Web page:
The effect of a solar flare on chromospheric oscillations

David C. L. Millar, Lyndsay Fletcher, Ryan O. Milligan

Research output: Contribution to journalArticlepeer-review


Oscillations in the solar atmosphere have long been observed both in quiet conditions and during solar flares. The chromosphere is known for its 3-min signals, which are strong over sunspot umbrae, and have periods determined by the chromosphere's acoustic cut-off frequency. A small number of observations have shown the chromospheric signals to be affected by energetic events such as solar flares, however the link between flare activity and these oscillations remains unclear. In this work, we present evidence of changes to the oscillatory structure of the chromosphere over a sunspot which occurs during the impulsive phase of an M1 flare. Using imaging data from the CRISP instrument across the H α and Ca II 8542 Å spectral lines, we employed a method of fitting models to power spectra to produce maps of where there is evidence of oscillatory signals above a red-noise background. Comparing results taken before and after the impulsive phase of the flare, we found that the oscillatory signals taken after the start of the flare differ in two ways: the locations of oscillatory signals had changed and the typical periods of the oscillations had tended to increase (in some cases increasing from <100 s to ∼200 s). Both of these results can be explained by a restructuring of the magnetic field in the chromosphere during the flare activity, which is backed up by images of coronal loops showing clear changes to magnetic connectivity. These results represent one of the many ways that active regions can be affected by solar flares....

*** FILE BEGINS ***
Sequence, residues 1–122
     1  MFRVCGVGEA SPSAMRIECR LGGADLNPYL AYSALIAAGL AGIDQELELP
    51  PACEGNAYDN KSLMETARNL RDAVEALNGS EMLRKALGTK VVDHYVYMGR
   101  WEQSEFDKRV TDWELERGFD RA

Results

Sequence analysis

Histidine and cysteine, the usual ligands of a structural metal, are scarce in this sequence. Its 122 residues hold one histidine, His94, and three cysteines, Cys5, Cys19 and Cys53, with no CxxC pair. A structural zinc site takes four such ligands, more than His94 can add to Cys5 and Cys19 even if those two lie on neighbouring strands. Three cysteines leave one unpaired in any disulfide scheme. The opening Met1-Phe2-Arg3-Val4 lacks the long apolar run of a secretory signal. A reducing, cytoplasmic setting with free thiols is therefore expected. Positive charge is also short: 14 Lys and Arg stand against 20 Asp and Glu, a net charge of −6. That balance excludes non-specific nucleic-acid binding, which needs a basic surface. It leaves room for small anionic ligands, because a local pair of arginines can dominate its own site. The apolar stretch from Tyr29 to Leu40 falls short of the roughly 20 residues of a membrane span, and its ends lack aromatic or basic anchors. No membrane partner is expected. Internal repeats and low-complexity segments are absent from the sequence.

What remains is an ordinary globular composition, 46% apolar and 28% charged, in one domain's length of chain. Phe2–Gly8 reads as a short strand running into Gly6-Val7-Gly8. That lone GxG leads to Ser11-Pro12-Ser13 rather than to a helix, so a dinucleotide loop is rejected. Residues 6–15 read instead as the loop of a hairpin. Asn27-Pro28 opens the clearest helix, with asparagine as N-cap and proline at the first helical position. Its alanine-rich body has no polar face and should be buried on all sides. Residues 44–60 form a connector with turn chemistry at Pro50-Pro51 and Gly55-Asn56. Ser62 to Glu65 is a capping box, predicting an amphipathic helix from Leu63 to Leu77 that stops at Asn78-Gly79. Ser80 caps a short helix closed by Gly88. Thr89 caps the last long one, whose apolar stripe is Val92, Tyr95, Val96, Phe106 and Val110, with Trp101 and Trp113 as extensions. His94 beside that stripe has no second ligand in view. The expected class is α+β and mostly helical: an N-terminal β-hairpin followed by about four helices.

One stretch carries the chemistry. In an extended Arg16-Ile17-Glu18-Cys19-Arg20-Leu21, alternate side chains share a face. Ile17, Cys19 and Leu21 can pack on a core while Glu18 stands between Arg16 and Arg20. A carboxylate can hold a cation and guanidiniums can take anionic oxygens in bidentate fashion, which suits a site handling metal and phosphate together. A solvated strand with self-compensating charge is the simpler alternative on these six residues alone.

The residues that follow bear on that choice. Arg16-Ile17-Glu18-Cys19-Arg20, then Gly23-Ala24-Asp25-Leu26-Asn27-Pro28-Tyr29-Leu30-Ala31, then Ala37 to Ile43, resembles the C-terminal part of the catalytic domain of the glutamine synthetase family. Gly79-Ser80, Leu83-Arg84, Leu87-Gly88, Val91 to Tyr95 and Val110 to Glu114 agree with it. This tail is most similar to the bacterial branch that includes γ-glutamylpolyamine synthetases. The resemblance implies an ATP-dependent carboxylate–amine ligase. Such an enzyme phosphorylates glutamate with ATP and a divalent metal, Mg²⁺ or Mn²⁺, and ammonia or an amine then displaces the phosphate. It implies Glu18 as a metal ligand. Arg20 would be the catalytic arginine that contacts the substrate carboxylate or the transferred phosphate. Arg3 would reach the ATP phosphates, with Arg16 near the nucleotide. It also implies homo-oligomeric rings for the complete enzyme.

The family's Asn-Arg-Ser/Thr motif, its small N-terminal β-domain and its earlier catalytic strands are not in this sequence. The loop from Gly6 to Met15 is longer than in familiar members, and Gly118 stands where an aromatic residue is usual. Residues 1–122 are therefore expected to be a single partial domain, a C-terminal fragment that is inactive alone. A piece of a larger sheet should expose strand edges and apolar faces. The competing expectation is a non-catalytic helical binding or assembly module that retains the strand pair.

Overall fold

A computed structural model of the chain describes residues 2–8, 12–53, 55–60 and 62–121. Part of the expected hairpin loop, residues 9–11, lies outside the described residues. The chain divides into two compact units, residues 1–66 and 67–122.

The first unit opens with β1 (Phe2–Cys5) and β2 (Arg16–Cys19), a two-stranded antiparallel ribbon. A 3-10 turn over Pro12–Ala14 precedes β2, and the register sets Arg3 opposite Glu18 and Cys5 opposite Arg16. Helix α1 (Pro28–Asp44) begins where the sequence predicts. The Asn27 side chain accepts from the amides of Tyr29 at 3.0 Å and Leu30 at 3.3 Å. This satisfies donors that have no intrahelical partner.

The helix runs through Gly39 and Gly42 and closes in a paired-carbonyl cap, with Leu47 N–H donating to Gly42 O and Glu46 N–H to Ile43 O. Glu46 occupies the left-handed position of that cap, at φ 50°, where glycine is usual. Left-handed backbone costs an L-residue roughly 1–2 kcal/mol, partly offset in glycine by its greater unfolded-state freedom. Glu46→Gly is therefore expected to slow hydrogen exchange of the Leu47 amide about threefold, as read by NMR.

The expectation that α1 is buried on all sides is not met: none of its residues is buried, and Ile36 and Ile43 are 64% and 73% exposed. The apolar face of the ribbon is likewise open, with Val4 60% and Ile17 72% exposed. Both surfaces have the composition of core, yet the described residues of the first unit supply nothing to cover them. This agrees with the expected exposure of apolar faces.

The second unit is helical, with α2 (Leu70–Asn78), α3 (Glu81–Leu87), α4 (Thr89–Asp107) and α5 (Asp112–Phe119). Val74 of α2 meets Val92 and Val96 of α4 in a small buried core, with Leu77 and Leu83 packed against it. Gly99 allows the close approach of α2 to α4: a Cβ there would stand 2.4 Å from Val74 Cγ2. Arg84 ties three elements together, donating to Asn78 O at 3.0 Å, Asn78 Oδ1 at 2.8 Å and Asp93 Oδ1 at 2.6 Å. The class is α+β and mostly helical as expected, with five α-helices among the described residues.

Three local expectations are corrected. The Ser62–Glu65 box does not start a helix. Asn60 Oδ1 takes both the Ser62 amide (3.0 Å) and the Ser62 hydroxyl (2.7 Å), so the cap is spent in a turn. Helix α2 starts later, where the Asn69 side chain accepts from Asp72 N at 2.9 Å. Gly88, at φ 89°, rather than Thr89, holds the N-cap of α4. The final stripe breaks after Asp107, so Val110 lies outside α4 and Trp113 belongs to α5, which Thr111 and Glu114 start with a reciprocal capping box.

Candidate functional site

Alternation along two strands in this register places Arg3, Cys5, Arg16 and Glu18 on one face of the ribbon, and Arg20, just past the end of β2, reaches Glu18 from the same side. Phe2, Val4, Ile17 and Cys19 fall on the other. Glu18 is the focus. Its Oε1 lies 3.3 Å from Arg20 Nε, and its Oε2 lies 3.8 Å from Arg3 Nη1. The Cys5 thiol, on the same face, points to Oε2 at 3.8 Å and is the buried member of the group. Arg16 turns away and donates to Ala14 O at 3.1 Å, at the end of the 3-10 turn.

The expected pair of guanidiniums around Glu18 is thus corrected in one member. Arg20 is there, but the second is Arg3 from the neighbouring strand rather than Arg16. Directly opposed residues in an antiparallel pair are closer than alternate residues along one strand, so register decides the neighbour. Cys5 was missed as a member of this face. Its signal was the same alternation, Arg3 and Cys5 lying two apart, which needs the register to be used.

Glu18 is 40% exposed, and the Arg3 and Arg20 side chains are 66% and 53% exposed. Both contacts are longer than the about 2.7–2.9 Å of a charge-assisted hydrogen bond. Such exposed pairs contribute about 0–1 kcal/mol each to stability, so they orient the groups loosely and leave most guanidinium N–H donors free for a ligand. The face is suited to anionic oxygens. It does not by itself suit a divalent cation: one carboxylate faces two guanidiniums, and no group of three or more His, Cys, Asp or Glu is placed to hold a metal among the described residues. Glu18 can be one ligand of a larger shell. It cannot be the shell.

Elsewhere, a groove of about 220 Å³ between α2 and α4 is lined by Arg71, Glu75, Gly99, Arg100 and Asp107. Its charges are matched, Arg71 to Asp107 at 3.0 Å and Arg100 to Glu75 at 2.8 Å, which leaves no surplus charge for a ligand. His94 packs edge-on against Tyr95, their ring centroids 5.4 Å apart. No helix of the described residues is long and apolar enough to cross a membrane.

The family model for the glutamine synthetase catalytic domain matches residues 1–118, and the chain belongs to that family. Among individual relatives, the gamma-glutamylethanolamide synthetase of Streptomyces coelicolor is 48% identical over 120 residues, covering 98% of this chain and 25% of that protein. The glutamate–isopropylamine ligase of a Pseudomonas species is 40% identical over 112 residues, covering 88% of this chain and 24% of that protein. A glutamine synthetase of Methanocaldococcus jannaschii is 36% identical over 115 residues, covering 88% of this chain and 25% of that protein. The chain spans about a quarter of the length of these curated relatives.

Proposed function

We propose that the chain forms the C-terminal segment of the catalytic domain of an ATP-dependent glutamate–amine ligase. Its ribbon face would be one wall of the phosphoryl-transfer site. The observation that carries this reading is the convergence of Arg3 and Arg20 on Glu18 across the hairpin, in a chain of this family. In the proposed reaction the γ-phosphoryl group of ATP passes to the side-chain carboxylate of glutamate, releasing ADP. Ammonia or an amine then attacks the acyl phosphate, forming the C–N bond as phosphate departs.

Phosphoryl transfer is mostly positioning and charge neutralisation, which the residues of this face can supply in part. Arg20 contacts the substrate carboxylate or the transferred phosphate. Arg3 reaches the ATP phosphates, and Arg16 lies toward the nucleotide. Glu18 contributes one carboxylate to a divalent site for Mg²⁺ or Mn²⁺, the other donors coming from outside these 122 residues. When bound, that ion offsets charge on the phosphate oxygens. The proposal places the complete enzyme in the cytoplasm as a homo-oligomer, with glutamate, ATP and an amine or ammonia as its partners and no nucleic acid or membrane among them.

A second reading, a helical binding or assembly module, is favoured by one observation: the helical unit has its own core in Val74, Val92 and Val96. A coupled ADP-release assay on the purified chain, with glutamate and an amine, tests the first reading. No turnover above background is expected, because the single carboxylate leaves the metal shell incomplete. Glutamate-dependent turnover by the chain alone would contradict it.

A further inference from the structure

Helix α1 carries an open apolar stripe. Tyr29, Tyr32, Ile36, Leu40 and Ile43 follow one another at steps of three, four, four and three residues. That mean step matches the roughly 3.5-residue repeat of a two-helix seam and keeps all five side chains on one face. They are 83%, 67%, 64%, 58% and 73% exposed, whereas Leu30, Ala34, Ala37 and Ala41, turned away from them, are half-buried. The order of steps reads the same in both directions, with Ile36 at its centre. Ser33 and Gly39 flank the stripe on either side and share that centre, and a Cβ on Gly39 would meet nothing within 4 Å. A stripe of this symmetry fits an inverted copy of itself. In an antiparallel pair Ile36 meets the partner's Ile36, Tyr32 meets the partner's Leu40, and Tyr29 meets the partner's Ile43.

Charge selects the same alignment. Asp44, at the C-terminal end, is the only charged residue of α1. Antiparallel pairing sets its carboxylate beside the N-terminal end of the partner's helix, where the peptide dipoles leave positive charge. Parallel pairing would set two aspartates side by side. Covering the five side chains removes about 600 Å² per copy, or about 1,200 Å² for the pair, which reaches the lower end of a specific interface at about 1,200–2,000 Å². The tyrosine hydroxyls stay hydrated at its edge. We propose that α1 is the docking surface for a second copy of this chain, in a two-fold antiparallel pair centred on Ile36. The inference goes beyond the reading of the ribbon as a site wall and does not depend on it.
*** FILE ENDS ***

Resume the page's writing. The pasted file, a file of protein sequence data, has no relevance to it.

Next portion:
Original languageUndefined/Unknown
Pages (from-to)2444–2456
JournalMonthly Notices of the Royal Astronomical Society
Issue number2
Early online date05 Mar 2021
Publication statusPublished - May 2021

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